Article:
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Am Fam Physician. 2002;65(5):982-987

CDC Fluoride Guidelines to Prevent Tooth Decay

New guidelines for fluoride use to prevent tooth decay have been issued by the Centers for Disease Control and Prevention (CDC). These guidelines reflect the current availability of a variety of fluoride-containing products and the widespread use of bottled water, and they offer information for the professional community and the general public. The guidelines were published in the August 17, 2001 recommendations and reports series of Morbidity and Mortality Weekly Report (MMWR).

Although a significant decline in the incidence and severity of tooth decay has occurred since the 1940s when fluoride was introduced into public drinking water supplies in the United States, certain segments of the population remain at risk for developing tooth decay. Those include persons with low socioeconomic status, those who do not receive regular dental care, those who consume high quantities of sugars, and those who wear orthodontic appliances. Additionally, persons who live in communities where the water supply does not meet established recommendations for fluoridation may experience greater incidences of tooth decay.

The new guidelines apply to children as well as adults, because fluoride is necessary throughout a person's lifetime to prevent and control tooth decay. These recommendations include:

  • Continuing and expanding fluoridation of community drinking water supplies. Currently, about 100 million Americans do not benefit from fluoridated drinking water.

  • Using small amounts of fluoride frequently, including brushing teeth twice daily with fluoridated toothpaste.

  • Using fluoride supplements and products with high concentrations of fluoride judiciously. Supplements are appropriate for children at high risk for tooth decay and who live in communities with low concentrations of fluoride in the drinking water. Professionally applied products that contain high concentrations of fluoride may also most benefit children at high risk.

  • Monitoring the intake (including swallowing) of fluoride in children younger than six years of age because overuse can result in enamel fluorosis. A “pea-sized” amount of fluoride toothpaste is recommended for children younger than six years of age, and a physician or dentist should be consulted about the use of fluoride toothpaste in children younger than two years of age.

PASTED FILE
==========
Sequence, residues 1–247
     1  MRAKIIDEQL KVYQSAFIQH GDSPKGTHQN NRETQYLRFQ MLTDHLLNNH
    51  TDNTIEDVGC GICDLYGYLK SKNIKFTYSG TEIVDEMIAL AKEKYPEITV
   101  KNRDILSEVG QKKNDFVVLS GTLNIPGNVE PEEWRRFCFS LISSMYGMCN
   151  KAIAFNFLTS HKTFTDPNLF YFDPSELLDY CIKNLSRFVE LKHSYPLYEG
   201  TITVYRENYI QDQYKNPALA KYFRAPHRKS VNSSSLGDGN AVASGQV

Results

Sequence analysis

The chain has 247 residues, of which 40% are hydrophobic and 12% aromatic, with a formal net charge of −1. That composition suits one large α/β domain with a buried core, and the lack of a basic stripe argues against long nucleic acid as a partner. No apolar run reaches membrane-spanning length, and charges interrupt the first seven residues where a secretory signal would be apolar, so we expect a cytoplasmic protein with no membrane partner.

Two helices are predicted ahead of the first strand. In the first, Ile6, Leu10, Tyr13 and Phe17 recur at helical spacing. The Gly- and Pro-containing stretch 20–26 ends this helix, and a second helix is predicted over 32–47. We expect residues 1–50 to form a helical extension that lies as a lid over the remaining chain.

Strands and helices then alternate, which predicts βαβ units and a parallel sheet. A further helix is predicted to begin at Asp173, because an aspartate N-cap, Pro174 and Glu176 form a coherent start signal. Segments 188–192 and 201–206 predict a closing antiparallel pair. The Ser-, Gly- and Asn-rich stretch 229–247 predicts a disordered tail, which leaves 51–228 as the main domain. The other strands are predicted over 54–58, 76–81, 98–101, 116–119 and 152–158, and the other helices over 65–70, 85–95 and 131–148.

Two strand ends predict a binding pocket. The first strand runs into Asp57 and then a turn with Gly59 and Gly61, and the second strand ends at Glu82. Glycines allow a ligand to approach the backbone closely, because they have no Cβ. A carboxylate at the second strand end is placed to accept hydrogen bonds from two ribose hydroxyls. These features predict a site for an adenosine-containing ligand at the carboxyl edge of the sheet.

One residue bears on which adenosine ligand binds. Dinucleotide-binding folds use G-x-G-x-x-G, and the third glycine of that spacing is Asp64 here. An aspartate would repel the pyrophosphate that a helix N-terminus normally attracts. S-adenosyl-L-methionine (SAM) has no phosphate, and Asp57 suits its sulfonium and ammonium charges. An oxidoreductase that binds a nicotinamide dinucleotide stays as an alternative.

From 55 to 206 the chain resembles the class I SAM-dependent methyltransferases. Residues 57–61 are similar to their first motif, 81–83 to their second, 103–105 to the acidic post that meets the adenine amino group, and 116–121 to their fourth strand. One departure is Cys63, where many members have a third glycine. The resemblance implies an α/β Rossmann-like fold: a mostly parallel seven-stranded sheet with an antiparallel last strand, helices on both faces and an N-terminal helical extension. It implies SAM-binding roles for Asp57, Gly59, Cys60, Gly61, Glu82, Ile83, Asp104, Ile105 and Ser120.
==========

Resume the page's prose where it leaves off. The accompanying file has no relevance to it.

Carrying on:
• Labeling bottled water with its fluoride concentration to allow consumers to understand how it may be affecting their fluoride intake. Currently, most bottled waters contain suboptimal levels of fluoride.

  • Educating health care professionals and the public to take advantage of currently available fluoride products.

Scientific Exhibit Deadlines for AAFP Assembly

A call for scientific exhibits has been issued by the American Academy of Family Physicians (AAFP) for possible presentation at the 2002 Scientific Assembly occurring October 16–20, 2002 in San Diego. Applications must be submitted by April 12, 2002. Membership in the AAFP is not a prerequisite for submission. Scientific exhibits provide a forum for the presentation of research that is of interest and educational value to family physicians. The exhibits include those presented by residents and medical students.

Travel grants of $1,000 may be awarded to a maximum of 15 resident/student scientific exhibitors whose applications are accepted for presentation at the assembly. In addition, cash awards for first, second, third, and fourth places may be presented to resident/student exhibitors. Application forms may be obtained from Vicky Binder, Scientific Program Department, AAFP, 11400 Tomahawk Creek Pkwy., Leawood, KS 66211; telephone: 800-274-2237, ext. 6564; or by visiting the AAFP Web site

2001 Cancer Progress Report